THOMAS FRANK: When Barack Obama was running for president, he said, and he actually did say this, this is not just hopeful thinking by a sappy liberal from Kansas, but he said that we were not just going to bail out Wall Street, we were going to do something for homeowners as well. They never did it. They just never did it. And they never even did anything for small banks. Small banks all over America went out of business in those days. There was this huge die-off of small banks.

And they never got crammed down … You remember this? This is one of the early fights. There were a whole series of things, of battles in the early Obama years where he was required to choose sides between Wall Street and Main Street, and he persistently chose to side with Wall Street on basically every issue that came up.

THOMAS FRANK: Obamacare. There was all of this debate at the time, whether it was right for president to stop focusing on the economy and start moving to healthcare. I didn’t really have a problem with that. Healthcare is the great sort of … You’re from Canada. You know this. This is the great unfinished sort of aspect of the American welfare state. We got Medicare but no more, and so many Democrats have tried to get some form of national health insurance, and they’ve always failed. Well, here comes Obama, and he’s going to try.

I was very happy with that. What made me unhappy was that the solution that they settled upon, Obamacare, this massively complicated thing, and the reason it’s massively complicated is because it’s all about making sure that private, for-profit health insurance companies stay viable and continue to make profits. They get written into it.

PAUL JAY: And don’t touch pharma.

THOMAS FRANK: You’re going to have a national system where these guys continue to make these exorbitant profits all the time. How is that going to work?

THOMAS FRANK: Trump is out there … By the way, to get back to Trump, every conversation leads to Trump these days, Trump actually was banging Hillary over the head with Goldman Sachs, was actually using that against her, and now look who’s the Secretary of the Treasury. It’s unbelievable that they’re able to get away with it, but they are. How do they do that? Now, that’s a really good question. How does a party like the Republicans come off pretending to be on the side of the ordinary people? Well, they do. They do it again and again and again. This is one of their themes, is populism. It’s fake populism, but they’re very good at it.

PAUL JAY: Now, you’ve been to these places recently.

THOMAS FRANK: I want to see economic protests in action like you had in the 1930s. We know it’s going to happen. I want to see it with my own eyes.

It’s like, look at this silly, made-up protest, the Tea Party movement. I’ll be damned, it caught on. It was a genius move in this sense, they made up a fake protest movement for hard times, and I mean they made it up. They said, “Well, hard times. You got to have a protest movement. Let’s get out there and make one. Let’s do it.” And they did, and they managed to change the subject from getting tough with Wall Street to deregulating Wall Street.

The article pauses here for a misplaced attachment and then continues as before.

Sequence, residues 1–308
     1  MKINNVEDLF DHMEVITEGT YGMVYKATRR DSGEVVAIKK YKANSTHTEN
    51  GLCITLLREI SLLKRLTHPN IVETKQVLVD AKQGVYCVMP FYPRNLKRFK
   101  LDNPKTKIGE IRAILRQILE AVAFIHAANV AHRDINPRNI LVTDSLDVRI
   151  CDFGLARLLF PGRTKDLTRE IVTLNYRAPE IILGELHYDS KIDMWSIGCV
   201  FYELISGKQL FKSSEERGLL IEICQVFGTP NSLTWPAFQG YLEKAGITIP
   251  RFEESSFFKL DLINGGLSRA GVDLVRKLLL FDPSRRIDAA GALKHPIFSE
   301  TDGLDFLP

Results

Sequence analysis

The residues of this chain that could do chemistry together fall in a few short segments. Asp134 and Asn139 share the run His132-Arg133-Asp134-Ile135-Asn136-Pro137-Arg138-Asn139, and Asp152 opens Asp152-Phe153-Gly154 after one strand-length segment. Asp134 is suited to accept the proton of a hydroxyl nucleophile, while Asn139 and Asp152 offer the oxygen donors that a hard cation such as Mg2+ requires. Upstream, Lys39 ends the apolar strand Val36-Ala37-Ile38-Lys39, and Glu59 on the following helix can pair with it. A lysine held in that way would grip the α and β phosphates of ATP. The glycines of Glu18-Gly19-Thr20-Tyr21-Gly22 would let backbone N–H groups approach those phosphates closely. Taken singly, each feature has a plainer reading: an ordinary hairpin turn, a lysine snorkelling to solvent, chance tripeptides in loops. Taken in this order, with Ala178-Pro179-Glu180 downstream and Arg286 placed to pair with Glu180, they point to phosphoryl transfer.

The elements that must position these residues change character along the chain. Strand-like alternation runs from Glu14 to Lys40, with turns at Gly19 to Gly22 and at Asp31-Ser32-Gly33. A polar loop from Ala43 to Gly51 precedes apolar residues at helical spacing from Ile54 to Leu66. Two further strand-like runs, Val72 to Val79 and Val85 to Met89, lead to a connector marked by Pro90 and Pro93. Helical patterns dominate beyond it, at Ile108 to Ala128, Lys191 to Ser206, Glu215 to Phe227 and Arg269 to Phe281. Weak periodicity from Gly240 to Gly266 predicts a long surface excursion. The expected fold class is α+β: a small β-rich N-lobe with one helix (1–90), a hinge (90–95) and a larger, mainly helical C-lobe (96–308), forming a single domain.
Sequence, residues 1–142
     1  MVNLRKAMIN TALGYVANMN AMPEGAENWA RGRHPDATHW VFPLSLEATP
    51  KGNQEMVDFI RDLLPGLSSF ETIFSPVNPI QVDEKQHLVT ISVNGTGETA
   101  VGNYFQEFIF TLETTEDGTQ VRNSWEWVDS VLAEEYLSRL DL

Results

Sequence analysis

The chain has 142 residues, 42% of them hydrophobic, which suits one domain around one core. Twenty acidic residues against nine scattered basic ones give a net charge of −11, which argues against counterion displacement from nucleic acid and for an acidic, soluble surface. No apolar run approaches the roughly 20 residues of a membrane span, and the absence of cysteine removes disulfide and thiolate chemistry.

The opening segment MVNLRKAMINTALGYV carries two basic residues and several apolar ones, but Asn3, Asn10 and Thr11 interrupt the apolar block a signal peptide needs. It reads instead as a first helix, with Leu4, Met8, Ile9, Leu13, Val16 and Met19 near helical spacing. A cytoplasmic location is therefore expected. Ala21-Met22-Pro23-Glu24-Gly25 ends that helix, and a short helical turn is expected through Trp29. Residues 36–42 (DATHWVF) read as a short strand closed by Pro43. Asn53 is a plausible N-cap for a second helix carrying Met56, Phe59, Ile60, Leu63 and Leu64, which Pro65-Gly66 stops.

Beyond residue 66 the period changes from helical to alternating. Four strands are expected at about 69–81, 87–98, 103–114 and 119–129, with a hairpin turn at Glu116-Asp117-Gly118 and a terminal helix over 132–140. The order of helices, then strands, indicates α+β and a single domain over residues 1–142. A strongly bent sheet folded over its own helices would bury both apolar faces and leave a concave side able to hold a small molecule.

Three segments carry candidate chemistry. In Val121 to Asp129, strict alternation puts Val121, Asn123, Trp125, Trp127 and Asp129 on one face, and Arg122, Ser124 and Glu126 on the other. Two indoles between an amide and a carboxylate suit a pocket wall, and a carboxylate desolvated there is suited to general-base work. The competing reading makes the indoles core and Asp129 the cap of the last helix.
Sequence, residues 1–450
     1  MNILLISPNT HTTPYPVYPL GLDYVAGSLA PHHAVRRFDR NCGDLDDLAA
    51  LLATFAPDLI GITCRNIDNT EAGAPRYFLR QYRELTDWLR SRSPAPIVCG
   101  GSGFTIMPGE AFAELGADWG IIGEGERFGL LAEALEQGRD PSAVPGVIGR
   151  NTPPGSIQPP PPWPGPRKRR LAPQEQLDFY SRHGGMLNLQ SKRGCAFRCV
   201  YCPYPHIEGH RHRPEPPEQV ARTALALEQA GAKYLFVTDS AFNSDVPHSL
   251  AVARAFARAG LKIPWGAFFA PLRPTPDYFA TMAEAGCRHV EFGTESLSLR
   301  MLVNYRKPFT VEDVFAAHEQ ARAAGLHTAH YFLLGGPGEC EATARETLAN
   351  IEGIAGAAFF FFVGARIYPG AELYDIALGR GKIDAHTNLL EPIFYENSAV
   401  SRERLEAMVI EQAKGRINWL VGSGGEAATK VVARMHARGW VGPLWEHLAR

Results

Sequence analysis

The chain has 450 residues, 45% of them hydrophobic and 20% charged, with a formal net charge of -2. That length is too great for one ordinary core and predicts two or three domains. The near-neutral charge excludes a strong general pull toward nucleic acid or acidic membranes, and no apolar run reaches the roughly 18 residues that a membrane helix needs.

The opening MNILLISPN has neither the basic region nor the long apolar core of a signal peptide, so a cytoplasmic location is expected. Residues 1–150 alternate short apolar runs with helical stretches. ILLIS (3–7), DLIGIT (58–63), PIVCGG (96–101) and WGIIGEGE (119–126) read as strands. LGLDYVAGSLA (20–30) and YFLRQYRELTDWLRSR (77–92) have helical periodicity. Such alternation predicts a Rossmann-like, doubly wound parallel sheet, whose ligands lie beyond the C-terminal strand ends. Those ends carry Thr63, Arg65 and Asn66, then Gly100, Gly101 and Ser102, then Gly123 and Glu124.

You go around to these towns that we’ve been describing, these Trump voting areas, and you talk to people, you talk to working-class people, and they are furious with what is happening to their lives. And maybe it’s happening to them personally or maybe it’s not. Maybe they got a pension, maybe they’re retired, maybe they’ve got a secure job, but they can see it coming for their kids, that there are no good jobs anymore. Everybody knows it, and everybody is so angry about it.

So look at the Democrats. Here’s the party that should traditionally be in touch with that anger and speaking … They used to be the party of organized labor. They should know about this. Instead, they’re out there campaigning and saying, remember what Hillary was saying, America is already great. This is poison, this is toxic to be putting out that message in a year like 2016.

PAUL JAY: I was saying to you earlier, the night before the election, everyone thought Hillary was going to win, so did I. But the night, they did a final rally in Philadelphia, and Barack Obama was on stage next to Hillary and spoke, and it was all about the great achievements of the administration.

THOMAS FRANK: Yeah. This is the dilemma. Because they loved that man. They love Barack Obama, and they can’t acknowledge that the economy got worse under his watch.

PAUL JAY: Not for everybody.

THOMAS FRANK: Yeah. There’s a famous quote from Hillary. Actually, it’s not famous because it’s in … Where is it? I think it’s in Donna Brazile’s book. It’s in one of the campaign books. Hillary says, “But how can I say those things without people thinking I’m criticizing Barack Obama?” She just couldn’t do it.

PAUL JAY: Even Bernie held back.

THOMAS FRANK: She couldn’t bring herself to do it. So I was at the Democratic Convention, and someone did give a very fiery speech, and it was Elizabeth Warren, and she did talk about, everything I’ve said, she talked about. The problem is she’s railing against these things, and here’s the President of the United States sitting up there in the box, the box seat up there. She never mentioned him of course. She can’t. She’s in the same party. So they have this terrible problem that they love Obama, but they’re very upset. They can see the pain out there in the country, but they can’t criticize it.